Ok I have installed python and ended up with python2 and python3. No harm in that — in fact it’s pretty much standard. And, hassle free, thank you again.
My suggestion is for ‘brew install python3’ to offer to make /usr/local/bin/python, etc point to python3, etc., rather than the current default of python2. (And I am simplifying the version numbers here.)
I am “looking to the future” and have no personal code legacy to support. So python3 is where I want to go.
Legacy issues are handled since /usr/bin/python, etc remains unchanged — the newly installed pythons in the Cellar are not going to be seen by any pre-existing system code since these processes will not have /usr/local/bin on their $PATH, or their shebang.
Of course this isn’t for everyone, hence the suggestion for an installer choice to leave the python2 family as the default vs a change making the default python3. Depending on the user’s selection the bare symlinks can then point to the desired numbered version.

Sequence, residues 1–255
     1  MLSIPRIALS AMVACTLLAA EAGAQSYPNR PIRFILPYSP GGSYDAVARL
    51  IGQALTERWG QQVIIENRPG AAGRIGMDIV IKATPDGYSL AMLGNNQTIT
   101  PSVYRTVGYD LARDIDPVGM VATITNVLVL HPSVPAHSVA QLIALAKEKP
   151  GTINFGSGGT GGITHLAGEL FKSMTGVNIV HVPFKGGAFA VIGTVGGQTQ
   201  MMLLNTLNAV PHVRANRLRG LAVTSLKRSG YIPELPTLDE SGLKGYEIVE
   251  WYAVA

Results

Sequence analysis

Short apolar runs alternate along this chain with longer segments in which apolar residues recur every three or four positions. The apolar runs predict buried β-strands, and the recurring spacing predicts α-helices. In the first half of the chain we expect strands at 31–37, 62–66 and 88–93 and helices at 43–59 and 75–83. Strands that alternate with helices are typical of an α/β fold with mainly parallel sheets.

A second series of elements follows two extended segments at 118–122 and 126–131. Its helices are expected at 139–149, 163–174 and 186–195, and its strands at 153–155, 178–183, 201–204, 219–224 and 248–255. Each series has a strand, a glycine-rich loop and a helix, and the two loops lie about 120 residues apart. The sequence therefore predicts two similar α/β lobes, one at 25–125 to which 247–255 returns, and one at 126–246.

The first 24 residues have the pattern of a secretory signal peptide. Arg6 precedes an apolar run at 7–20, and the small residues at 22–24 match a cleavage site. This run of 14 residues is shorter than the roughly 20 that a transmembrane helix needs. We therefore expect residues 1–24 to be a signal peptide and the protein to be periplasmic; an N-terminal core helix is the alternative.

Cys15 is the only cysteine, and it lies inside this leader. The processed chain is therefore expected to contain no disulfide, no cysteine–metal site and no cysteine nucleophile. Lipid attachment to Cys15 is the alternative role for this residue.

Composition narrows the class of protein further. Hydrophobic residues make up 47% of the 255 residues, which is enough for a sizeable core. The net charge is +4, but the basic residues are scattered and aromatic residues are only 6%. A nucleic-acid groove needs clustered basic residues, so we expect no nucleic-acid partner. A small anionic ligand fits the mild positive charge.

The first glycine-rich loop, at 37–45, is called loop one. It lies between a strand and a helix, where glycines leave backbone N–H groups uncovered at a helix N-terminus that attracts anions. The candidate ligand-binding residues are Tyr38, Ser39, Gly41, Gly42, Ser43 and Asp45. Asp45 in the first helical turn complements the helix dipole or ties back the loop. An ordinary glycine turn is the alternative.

Of course careful programers should continue to use python3 in the shebang and/or have a coded version trap (esp. if their code is likely to be used ‘off site’), but, for general work the day to day convenience would be nice.
Looking around on the net for discussion of ‘solutions’ it’s mostly about defining an alias (or four), or tinkering with links. Neither is attractive to me: confusing, error-prone and ongoing maintenance issues. And I don’t want to consider putting ~/…/bin at the top of my $PATH (opens serious security vulnerabilities).
Is this installer option worth considering?
BTW if I was to replace symlinks in /usr/local/bin such as: python -> ./python3 would this mess with the brew when it came to python3 updates (or would the links just get overwritten, i.e., need maintenance)? The extra level of indirection doesn’t bother me, esp. as the links would otherwise continue to point to the updated versions as they are installed.